Department of History observes 500 years since Martin Luther's landmark <em>95 Theses</em>

Written by Katy O’Neill, CAS communications intern

Official Event Poster designed by Lara Thurston (BFA, Miami, 2012)

In 1517, Martin Luther wrote his 95 Theses to refute the teachings of the Catholic Church and in turn began the revolutionary Protestant Reformation throughout Germany and Europe. Now, in 2017, the Reformation's effects are still significant and shape religion throughout the world.

In honor of Martin Luther's work, the Department of History hosted a free public symposium entitled Reformations of the Sixteenth Century: Martin Luther and His World, 500 Years Later November 2-3 at the Miami Art Museum.

The two-day symposium consisted of 7 lectures by Miami faculty and local religious experts. The lectures covered how the Reformation continues to influence society and various global religious changes in theology, languages, politics, and so forth. See the CAS press release 500th anniversary of the Reformation unites faculty and religious leaders to address Martin Luther's groundbreaking revolution for a list of speakers and their topics.

Thursday's Keynote

Wietse de Boer, professor and chair of the Department of History, kicked off the symposium on Thursday afternoon by providing important context about Martin Luther and the Reformation to the faculty, students, and community members in attendance.

He also paid tribute to the symposium's many sponsors and introduced the first keynote speaker, Joy A. Schroeder, a professor at both Trinity Lutheran Seminary and Capital University.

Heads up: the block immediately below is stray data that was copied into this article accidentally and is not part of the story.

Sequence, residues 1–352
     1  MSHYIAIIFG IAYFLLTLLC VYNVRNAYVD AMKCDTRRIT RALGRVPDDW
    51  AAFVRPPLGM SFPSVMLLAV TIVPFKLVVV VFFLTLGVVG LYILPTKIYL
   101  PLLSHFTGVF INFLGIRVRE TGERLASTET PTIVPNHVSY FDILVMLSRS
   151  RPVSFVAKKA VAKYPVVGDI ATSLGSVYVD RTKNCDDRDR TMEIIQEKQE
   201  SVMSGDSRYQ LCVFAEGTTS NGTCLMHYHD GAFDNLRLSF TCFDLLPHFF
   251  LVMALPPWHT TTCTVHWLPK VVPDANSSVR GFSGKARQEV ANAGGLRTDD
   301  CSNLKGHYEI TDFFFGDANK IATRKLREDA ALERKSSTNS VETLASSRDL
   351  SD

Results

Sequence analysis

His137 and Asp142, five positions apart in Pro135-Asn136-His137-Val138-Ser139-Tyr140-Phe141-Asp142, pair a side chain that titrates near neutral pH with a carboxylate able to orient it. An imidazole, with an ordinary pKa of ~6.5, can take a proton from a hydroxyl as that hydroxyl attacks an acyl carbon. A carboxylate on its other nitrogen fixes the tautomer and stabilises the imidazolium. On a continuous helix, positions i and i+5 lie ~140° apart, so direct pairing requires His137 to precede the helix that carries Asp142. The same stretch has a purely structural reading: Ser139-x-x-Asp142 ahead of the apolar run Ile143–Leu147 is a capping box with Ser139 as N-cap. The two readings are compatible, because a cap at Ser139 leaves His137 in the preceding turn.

Schroeder's lecture detailed the history of Martin Luther and his movement to refute the Catholic Church and their teachings on indulgences and purgatory, mixed intelligently with humor.

"In conclusion, Luther never intended to start a new church," Schroeder said. "In fact, he would be rolling in his grave if he knew how many people called themselves Lutherans today."

Friday's Lecture Series

The capacity crowd on Friday engaged in lively discussion with the speakers, whose topics ranged from Luther's own life to the broader social and political world he lived in.

Ronald Rittgers of Valparaiso University portrayed the German reformer as a "radical prophet" who saw himself in the tradition of the Biblical prophets Daniel and Amos.

Far from being just a one-man show, various speakers explained, the Reformation depended on revolutions in politics and communications technology. The printing press was the Internet of its day, and without the press, Luther couldn't have reached his audiences.

Speakers also touched on the experiences of ordinary Germans, as well as women, Jews, and Protestants beyond Germany during this time of tumult.

"Even though our times look very different from the 16th century, today we face many of the same questions: how to manage a new flood of information, how to make a just world in an unjust environment, how to balance faith and science," said Renée Baernstein, professor of history and associate dean in the College of Arts and Science. "This period of history shows us that in times of disruption, there is great opportunity. That's as true today as it was in 1517."

The symposium was co-sponsored by the following:

  • Miami University Humanities Center
  • Faith Lutheran Church
  • Hillel at Miami University
  • Miami Art Museum
  • College of Arts and Science and its Departments of:
    • History
    • Comparative Religion
    • German, Russian, Asian, and Middle Eastern Languages & Cultures
  • College of Creative Arts